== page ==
Pride and Prejudice

War and Conflict College

Literary movements of the early nineteenth century were undeniably, at least to some extent, defined by a backdrop of wartime context. It was a time period not only caught up in the midst of the Napoleonic War, but also still suffering from the aftermath of the American Revolution. Certain texts from the time period offer relevant and explicit commentaries on war; Lord Byron’s Childe Harold’s Pilgrimage[1] and Walter Scott’s Waverley[2] serves as key examples. The former offers an account of personal reflection on war whilst the latter focusses on a historic conflict of the mid eighteenth century. However, along with these more obvious treatments of war there are those which, although initially appearing to be largely uncolored by these conflicts, are actually deeply embued with wartime subtext. Jane Austen’s novels, namely Pride and Prejudice[3] and Mansfield Park[4] serve as key instances of such novels, as they focus on characters who retain separation from the disruption, but are repeatedly unable to escape the permeating ripples of the war that surrounds them.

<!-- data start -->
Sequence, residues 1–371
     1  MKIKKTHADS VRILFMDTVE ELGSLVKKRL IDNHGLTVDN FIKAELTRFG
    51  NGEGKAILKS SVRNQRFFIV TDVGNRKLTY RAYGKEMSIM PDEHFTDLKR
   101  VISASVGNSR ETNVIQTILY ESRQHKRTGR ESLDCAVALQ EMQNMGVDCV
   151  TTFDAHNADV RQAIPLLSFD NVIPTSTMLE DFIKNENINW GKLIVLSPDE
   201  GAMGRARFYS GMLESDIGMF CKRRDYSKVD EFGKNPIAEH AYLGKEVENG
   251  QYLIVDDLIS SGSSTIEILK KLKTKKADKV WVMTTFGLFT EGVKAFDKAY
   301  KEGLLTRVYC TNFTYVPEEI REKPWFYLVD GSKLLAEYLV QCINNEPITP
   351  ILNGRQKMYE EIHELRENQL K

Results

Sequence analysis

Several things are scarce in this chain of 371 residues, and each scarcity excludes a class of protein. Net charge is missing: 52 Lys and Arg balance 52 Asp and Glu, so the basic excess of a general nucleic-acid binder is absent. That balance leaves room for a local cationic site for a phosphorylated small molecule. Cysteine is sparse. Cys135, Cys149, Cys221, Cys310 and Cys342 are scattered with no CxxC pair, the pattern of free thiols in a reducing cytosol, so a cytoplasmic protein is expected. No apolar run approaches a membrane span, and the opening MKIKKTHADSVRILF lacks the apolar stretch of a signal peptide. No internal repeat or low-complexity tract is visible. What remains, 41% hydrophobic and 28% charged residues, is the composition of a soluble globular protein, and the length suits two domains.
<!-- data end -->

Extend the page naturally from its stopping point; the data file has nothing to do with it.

One of the more self-evident depictions of war within early nineteenth century literature appears in Byron’s Childe Harold’s Pilgrimage, written in a time period...

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